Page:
Patna: Thousands of poor farm labourers and MGNREGA workers, including a large number of women, on Wednesday took to the streets in Patna demanding a new housing policy for rural and urban areas.They also extended their support to the protesting farmers and demanded repeal of the three farm laws. The protest march was organised by farm labourers and MGNREGA workers’ organisations of the Communist Party of India (Marxist Leninist).
All the 12 MLAs of CPI (ML) staged a protest against the three farm laws outside the state assembly minutes ahead of the ongoing budget session began .They expressed their dismay over the NDA-led central government ignoring the protesting farmers and reiterated the demand for repeal of the contentious laws.
Sloganeering protesters gathered near the Gate Public Library and started their peaceful protest march with placards and red party flags towards the Bihar Assembly.The march turned into a protest meeting at the Gardanibagh protest site, about half a kilometre from the state assembly. All the MLAs of CPI(ML) joined the protest meeting to express their solidarity with the demands of the farm labourers and MGNREGA workers.
The protestors demanded that the government should stop displacing slums in urban areas and huts in rural areas without providing alternative arrangements to them. All the slum dwellers and those living in jhuggi-jhopri should be provided with houses,which is only possible if a new housing policy for the poorest of the poor is made.
The MGNREGA workers have also demanded doubling of their work days to 200 from 100 days and increasing their daily wage to Rs 500. “MGNREGA workers should be provided at least minimum daily wage and they should not get less than the daily wage fixed by the government,” CPI (ML) leader Dhirendar Jha said while addressing the protest meeting .
Jha said the Bihar government should increase the daily wage of MGNREGA workers on the line of neighbouring Jharkhand government. “There should be video recording of the work site of MGNREGA and making of job cards should be made free from the clutch of local contractors and panchayat representatives”.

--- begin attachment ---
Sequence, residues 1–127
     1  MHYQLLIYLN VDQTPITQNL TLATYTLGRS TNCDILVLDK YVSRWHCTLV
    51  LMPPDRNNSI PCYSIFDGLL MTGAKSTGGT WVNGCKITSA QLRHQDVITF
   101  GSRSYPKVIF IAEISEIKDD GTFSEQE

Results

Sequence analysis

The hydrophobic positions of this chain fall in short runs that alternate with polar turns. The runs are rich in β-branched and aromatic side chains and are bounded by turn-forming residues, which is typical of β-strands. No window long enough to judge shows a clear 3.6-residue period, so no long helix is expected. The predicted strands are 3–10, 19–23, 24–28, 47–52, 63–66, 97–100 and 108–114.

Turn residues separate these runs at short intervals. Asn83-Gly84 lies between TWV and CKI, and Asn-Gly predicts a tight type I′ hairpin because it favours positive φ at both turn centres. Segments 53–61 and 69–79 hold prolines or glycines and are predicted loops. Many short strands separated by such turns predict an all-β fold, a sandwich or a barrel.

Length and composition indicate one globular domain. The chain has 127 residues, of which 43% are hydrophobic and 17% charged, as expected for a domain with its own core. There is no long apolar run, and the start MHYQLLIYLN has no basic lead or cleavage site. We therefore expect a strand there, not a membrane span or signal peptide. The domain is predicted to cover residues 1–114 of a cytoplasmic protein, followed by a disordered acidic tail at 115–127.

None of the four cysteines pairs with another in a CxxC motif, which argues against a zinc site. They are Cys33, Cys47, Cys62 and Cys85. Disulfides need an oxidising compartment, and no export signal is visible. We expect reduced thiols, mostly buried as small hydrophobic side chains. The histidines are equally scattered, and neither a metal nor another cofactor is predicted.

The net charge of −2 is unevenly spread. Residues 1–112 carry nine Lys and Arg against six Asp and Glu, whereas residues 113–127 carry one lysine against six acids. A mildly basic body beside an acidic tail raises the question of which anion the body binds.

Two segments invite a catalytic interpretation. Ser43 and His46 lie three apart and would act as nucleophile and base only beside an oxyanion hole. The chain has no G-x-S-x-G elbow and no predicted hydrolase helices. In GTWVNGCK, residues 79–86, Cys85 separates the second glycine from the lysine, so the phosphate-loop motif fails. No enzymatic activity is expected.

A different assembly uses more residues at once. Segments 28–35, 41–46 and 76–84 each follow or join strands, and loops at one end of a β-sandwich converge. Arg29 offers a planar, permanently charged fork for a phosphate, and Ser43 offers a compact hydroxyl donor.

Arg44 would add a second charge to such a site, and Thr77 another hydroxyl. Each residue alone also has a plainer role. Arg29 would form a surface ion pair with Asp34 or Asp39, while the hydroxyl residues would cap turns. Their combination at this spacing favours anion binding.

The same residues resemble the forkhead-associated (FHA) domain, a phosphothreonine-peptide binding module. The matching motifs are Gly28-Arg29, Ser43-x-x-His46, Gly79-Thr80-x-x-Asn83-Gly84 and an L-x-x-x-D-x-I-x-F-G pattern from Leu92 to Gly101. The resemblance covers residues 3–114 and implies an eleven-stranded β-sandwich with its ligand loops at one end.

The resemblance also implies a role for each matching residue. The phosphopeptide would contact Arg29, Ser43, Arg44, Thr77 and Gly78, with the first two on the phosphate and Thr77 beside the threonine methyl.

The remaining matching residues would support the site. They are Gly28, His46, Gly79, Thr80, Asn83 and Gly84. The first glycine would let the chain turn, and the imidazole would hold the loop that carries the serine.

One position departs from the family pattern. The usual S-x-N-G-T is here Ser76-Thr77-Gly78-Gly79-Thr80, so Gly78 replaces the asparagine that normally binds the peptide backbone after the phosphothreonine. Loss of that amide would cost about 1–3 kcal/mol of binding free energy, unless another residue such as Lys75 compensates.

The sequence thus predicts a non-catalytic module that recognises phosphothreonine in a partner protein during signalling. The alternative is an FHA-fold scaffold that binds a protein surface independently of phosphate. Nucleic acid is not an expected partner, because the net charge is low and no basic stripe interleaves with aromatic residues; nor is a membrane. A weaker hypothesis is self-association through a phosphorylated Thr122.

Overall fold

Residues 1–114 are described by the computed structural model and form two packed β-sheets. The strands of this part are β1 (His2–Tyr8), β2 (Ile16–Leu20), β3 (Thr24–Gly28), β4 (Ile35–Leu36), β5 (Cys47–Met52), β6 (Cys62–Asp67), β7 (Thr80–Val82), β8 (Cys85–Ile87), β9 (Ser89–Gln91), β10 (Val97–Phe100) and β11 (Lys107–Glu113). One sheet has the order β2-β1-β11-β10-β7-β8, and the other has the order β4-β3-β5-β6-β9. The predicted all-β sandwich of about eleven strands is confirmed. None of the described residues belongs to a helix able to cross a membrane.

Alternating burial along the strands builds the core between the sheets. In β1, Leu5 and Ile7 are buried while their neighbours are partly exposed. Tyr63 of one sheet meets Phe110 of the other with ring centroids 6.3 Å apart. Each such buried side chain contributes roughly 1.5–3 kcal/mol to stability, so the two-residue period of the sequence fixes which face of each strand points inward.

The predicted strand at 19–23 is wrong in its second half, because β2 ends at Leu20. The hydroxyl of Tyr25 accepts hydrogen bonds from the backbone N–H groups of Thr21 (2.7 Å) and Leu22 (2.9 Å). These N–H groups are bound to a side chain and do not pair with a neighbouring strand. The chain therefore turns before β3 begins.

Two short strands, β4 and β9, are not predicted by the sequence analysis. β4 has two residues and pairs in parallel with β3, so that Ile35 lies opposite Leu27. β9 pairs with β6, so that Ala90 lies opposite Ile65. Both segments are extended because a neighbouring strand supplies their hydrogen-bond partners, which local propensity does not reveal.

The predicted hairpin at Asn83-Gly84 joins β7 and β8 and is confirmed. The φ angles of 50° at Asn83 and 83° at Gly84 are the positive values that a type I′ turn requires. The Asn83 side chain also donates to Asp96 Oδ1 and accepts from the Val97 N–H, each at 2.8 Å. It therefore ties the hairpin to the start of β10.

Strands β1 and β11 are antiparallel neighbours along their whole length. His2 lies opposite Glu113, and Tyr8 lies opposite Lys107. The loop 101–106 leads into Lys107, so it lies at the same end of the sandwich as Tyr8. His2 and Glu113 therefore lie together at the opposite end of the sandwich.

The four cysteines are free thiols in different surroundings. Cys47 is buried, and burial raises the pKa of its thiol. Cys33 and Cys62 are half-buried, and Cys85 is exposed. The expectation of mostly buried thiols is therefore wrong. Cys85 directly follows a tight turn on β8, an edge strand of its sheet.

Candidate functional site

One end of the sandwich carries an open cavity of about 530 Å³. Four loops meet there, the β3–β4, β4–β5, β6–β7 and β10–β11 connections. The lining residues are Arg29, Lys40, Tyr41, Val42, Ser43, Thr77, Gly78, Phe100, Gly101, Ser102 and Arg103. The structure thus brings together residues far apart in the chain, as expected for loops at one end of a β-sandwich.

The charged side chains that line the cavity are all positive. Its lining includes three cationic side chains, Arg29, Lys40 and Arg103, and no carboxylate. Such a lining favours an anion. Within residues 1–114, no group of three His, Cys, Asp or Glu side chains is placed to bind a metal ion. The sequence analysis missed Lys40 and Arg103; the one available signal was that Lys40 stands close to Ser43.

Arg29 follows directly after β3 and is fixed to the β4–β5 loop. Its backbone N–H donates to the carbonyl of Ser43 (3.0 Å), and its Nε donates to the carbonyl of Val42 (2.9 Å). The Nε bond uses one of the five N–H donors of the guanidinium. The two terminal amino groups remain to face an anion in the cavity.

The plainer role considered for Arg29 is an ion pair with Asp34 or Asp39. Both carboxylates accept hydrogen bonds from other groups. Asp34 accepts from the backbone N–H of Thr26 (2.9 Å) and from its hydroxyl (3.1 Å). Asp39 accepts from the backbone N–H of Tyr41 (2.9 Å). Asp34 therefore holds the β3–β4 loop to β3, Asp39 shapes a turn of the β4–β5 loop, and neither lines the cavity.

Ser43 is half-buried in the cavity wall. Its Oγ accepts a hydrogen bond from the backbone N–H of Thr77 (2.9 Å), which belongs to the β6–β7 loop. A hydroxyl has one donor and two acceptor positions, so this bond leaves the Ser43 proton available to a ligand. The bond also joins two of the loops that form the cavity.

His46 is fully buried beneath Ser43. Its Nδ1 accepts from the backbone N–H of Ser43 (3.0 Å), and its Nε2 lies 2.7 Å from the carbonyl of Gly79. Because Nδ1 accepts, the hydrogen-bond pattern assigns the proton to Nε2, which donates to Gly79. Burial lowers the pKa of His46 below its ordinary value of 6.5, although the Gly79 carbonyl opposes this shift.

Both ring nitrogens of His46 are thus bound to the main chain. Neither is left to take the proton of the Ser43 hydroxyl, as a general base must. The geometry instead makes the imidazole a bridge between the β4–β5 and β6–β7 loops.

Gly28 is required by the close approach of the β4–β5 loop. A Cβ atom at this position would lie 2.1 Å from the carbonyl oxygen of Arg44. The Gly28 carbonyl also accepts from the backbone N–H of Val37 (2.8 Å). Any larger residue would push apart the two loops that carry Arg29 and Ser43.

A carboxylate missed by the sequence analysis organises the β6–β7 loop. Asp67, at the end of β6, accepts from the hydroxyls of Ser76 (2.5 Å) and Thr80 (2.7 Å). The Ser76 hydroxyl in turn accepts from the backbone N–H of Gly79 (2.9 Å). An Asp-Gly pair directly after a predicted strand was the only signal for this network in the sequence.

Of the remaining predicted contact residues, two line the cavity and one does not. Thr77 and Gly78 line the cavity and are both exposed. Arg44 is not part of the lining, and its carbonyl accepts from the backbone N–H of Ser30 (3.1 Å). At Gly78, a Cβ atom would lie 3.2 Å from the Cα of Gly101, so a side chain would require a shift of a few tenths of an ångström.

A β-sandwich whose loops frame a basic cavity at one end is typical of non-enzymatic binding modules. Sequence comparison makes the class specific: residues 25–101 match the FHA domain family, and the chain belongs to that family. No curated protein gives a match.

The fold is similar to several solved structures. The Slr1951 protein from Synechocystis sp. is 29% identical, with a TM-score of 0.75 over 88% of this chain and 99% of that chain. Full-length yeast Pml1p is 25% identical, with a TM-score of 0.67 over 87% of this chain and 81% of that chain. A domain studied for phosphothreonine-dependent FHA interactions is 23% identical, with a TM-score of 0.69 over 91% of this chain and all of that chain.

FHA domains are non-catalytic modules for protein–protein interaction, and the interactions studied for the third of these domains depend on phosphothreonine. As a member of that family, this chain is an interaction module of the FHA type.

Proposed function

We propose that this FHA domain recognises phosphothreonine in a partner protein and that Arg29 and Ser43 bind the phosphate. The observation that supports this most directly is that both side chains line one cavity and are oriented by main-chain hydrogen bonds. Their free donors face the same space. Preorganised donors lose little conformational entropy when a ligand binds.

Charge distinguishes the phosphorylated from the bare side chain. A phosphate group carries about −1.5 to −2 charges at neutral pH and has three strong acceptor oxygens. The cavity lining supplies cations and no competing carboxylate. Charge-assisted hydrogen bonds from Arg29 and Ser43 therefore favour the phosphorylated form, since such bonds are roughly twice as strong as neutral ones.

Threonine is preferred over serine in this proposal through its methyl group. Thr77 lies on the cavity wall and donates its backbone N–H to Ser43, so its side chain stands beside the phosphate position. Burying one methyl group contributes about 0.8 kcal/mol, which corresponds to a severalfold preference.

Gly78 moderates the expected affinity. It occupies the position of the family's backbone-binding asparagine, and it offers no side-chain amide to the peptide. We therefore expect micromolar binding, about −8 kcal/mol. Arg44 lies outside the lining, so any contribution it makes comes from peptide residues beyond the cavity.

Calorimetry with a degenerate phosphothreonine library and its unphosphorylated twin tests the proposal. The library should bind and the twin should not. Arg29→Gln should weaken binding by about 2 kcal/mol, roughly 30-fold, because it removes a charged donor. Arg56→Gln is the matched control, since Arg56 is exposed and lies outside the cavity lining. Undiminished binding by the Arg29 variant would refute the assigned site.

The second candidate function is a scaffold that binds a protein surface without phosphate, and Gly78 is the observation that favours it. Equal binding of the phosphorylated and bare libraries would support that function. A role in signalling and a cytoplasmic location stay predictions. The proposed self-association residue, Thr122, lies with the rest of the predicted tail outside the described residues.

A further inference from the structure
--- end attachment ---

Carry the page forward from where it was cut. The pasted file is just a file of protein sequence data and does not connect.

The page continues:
He said that thousands of rural families in Bihar have been surviving on the earnings of their members working outside the state as migrant workers. The poor families, particularly old people, physically challenged persons and widows in rural Bihar are struggling for livelihood and survival.A latest report on health issue has exposed that hunger, malnutrition and anaemia are common among a large section of people living in rural Bihar.
There are reports of rampant loot, irregularities and corruption in implementation of welfare and development schemes for the poor in rural areas, according to Jha.
CPI (ML) MLA Satyadev Ram said that the poor are being displaced and uprooted forcibly in the name of the ‘jail jeevan hariyali’ mission of Chief Minister Nitish Kumar. There are more than 50 lakh families without documents of household land and they are living for decades on different types of the government land near rivers, ponds, railway tracks, embankments and road side. “We will not allow this conspiracy against the poor. The poor are not getting ration under PDS and their monthly pension.But when I raised this issue in the ongoing budget session of the state assembly, the government responded differently and behaved as if I had raised a useless point.”
Mahboob Alam, CPI (ML) legislative party leader, said that most of the marginal and small land holders, who form the majority of farmers in Bihar, have been forced to leave loss-making farming and migrated outside for livelihood due to wrong policies of the government. It was the state government that abolished the APMC Act in 2006 in Bihar that resulted in heavy loss to the farmers and agriculture. “Farmers are not getting MSP for their produce and then going for distress sale,” Alam said.
Nearly two-thirds of Bihar's total population of 12 crore is dependent on agriculture for their livelihood. Most of them are small and marginal farmers, as per government data.